Taylor Swift's fourth album, Red, is among the best of the year. It is also the most inconsistent, but that was expected.
After releasing uber-pop hit “We Are Never Ever Getting Back Together” as the first single, Swift followed with “Begin Again” and “Red,” two mellow songs with classic Swift vocals and acoustic guitar that, compared to “Never Ever,” feel very familiar.
The rest of the album follows suit. There are fast songs that are poppy and predictable, and there are ballads that are, in all honesty, boring.
The album builds momentum quickly but does nothing with it. Soft and subdued tracks come immediately after pumped-up potential radio hits. The album never settles into a consistent or comfortable pace; it is up, down, up, down throughout.
The label's influence on this album is clear. Swift wrote every song on Speak Now herself, and while it certainly was no sales slouch, it didn't have the radio impact or accolades of Fearless. So co-writers were brought back in to help Swift craft Red and remind everyone that, yes, Taylor Swift can dominate the charts for weeks on end.
Songs like “I Knew You Were Trouble,” “22” and “Starlight,” are outstanding pop songs, but they are not exactly outstanding Swift songs. They feel and sound more like Swift's impression of other pop musicians. For example, “Trouble” has a dubstep-lite chorus, the opening of “Starlight” sounds nearly identical to the start of “Don't Trust Me” by 3OH!3 and the soaring party chorus of “22” will be played at every college bar across America.
That's not to say typical Swift-style songs aren't present on Red. “Stay Stay Stay” is the cutesy Swift everyone is used to, and though it has a sort of b-side vibe like “Ours” from Speak Now, it's a highlight of the album. “Holy Ground,” another standout, is thumping with energy while still sounding like it would fit perfectly on either of her previous two albums.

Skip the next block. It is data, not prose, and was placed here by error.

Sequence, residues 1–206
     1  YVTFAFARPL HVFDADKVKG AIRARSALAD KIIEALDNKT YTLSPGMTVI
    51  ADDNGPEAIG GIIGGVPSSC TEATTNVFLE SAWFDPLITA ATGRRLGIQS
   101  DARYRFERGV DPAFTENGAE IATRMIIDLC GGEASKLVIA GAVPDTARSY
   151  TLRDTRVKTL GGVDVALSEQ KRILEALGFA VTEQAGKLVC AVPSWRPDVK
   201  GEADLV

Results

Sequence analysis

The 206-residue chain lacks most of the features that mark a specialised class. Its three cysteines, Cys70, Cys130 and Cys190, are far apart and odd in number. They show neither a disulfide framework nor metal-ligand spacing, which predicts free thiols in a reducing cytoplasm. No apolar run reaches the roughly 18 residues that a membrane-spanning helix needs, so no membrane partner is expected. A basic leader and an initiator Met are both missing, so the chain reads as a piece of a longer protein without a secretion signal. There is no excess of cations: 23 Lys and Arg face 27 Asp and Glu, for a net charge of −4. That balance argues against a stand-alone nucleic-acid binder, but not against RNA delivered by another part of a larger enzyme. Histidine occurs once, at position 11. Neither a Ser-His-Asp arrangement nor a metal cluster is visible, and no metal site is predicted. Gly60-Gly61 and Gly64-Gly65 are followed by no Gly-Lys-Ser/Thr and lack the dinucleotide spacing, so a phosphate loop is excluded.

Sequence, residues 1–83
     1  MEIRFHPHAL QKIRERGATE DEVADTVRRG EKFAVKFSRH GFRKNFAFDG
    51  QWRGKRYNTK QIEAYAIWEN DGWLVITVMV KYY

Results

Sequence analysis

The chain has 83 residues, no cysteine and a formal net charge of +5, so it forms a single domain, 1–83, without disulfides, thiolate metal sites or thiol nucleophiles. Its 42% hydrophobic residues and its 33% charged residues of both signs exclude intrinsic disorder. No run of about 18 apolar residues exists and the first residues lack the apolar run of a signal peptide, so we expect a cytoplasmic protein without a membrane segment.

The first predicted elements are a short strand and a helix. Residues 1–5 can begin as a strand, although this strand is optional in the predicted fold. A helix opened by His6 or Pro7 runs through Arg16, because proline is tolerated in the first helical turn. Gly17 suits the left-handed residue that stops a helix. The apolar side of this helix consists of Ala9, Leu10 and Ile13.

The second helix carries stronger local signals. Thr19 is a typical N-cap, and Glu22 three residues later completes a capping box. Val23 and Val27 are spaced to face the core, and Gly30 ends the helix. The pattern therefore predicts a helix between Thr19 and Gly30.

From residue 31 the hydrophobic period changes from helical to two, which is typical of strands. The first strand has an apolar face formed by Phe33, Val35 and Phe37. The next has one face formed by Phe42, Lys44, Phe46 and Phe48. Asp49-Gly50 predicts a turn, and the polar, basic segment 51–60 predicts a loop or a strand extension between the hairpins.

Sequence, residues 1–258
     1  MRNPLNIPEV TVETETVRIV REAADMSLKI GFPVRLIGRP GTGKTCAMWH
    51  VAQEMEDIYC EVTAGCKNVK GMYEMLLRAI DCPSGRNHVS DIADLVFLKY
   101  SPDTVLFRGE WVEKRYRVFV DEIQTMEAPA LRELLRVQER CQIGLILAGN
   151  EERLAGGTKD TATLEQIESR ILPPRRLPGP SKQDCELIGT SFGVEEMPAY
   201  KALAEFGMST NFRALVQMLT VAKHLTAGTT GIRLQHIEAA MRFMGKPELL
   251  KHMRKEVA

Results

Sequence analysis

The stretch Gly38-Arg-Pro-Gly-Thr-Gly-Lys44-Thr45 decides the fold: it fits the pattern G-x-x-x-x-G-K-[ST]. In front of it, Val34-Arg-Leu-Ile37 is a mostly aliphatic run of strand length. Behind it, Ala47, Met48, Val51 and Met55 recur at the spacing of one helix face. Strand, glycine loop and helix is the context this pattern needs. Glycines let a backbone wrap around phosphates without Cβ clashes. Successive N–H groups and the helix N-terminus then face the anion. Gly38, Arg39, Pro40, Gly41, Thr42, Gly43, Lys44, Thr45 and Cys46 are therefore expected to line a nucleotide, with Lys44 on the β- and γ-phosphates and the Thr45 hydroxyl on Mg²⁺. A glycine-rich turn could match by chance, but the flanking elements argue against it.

The album finishes strong, finding a bit of consistency in the last four tracks. “Everything Has Changed” is by far the better of the two collaborations, and while “Begin Again” is not an anthem-like finish as is “Long Live,” of Speak Now, it does well to close out the album.
Red seems to stand apart from Swift's other albums. For one, it doesn't feel as personal as Fearless or Speak Now - partly because of the co-written pop impressions, but also because Swift seems to be maturing. Sure, she still sings about things like dressing up like a hipster and making fun of her exes, but there are lines like “I'll do anything you say if you say it with your hands,” that at least point to a more grown-up Swift.
Though it's her fourth, Red appears to be a transition album for Swift. There are the type of songs we've come to expect from her, and there are songs unlike anything she's done before. Red is certainly still a Swift album, but it's maybe not the same old Swift.